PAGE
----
What do you want to be remembered for?
I want to be remembered as somebody who never quit. Even right now, earlier this year, I was in a car accident and having a bunch of bones in my neck and back out of place, my spinal cord is all inflamed, but still, I stay motivated enough to go to the studio and practice, and still manage my clothing line and still reach out and do the activism for ending human trafficking because that’s another thing I’m passionate about… And this is in between going to the hospital for pain management and I have to see an orthopedic surgeon tomorrow… It’s just getting out of bed everyday and not letting my situation dictate… This year, I’ve been through so much… even just a couple months ago, I had surgery on my hand and I was told that I would lose it, but by the grace of God, there’s not even a scar and I kept all my fingers. So just things like that that could have pulled me down and forced me to quit. Being homeless earlier this year and now I’m not. I never quit.
Where will Solachi be 10 years from now?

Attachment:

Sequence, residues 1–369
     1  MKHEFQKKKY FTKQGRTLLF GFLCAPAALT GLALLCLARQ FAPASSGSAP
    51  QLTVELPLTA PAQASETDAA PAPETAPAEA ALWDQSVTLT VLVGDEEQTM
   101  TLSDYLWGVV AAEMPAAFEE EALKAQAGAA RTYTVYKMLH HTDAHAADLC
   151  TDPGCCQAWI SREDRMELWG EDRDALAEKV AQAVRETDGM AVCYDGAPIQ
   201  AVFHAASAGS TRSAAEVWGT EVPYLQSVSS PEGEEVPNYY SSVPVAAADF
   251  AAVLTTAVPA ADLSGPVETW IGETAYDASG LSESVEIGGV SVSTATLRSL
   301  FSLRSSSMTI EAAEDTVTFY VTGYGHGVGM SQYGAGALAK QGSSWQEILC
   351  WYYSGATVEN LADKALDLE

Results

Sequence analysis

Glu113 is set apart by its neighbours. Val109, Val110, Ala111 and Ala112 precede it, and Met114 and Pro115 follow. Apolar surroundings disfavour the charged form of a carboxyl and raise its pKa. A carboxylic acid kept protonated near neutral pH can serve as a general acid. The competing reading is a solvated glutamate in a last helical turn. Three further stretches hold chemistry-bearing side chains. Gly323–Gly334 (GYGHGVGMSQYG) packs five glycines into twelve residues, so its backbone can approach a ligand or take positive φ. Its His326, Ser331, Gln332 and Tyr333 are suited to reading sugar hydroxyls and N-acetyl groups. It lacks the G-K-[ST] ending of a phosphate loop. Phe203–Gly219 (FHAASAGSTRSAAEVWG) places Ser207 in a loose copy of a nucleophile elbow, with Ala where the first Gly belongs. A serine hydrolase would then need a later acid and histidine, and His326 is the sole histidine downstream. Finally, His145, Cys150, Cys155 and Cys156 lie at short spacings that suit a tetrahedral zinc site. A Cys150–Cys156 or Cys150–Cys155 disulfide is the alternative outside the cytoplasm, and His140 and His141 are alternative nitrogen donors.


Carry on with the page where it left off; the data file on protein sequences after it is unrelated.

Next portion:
Ultimately, I would be in a position to where Kneady Lids, which is my brand, will be blessing those survivors of human trafficking--whether it’s with scholarships or housing or sponsoring rehab. I want to be in a position where my brand generates enough revenue to help people. And also, I want to be in place with my music where I can provide for my family and to help those who want to start on their own journey with music.. just be a mentor for those who want to start into the hip hop industry in any way. I want to be in a position to travel and speak and share my experiences, and also my music. I don’t care the size of the platform; I just want to affect as many people as possible.